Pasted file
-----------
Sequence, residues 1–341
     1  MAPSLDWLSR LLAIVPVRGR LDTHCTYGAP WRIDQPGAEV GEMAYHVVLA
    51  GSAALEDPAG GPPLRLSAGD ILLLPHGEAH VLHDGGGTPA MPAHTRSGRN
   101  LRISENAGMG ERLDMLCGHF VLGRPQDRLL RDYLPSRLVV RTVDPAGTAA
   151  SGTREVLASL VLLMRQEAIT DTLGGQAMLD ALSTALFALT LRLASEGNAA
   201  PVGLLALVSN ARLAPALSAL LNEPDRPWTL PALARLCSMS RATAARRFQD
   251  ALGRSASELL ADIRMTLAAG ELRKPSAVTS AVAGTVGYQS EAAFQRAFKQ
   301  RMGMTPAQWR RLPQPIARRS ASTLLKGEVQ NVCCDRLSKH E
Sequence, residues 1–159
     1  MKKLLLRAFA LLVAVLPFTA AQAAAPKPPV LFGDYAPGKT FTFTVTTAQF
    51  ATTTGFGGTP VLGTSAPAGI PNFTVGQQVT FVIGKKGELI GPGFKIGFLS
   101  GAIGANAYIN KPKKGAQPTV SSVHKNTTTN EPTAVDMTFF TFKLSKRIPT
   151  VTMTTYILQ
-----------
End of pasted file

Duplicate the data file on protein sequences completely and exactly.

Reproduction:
Sequence, residues 1–341
     1  MAPSLDWLSR LLAIVPVRGR LDTHCTYGAP WRIDQPGAEV GEMAYHVVLA
    51  GSAALEDPAG GPPLRLSAGD ILLLPHGEAH VLHDGGGTPA MPAHTRSGRN
   101  LRISENAGMG ERLDMLCGHF VLGRPQDRLL RDYLPSRLVV RTVDPAGTAA
   151  SGTREVLASL VLLMRQEAIT DTLGGQAMLD ALSTALFALT LRLASEGNAA
   201  PVGLLALVSN ARLAPALSAL LNEPDRPWTL PALARLCSMS RATAARRFQD
   251  ALGRSASELL ADIRMTLAAG ELRKPSAVTS AVAGTVGYQS EAAFQRAFKQ
   301  RMGMTPAQWR RLPQPIARRS ASTLLKGEVQ NVCCDRLSKH E
Sequence, residues 1–159
     1  MKKLLLRAFA LLVAVLPFTA AQAAAPKPPV LFGDYAPGKT FTFTVTTAQF
    51  ATTTGFGGTP VLGTSAPAGI PNFTVGQQVT FVIGKKGELI GPGFKIGFLS
   101  GAIGANAYIN KPKKGAQPTV SSVHKNTTTN EPTAVDMTFF TFKLSKRIPT
   151  VTMTTYILQ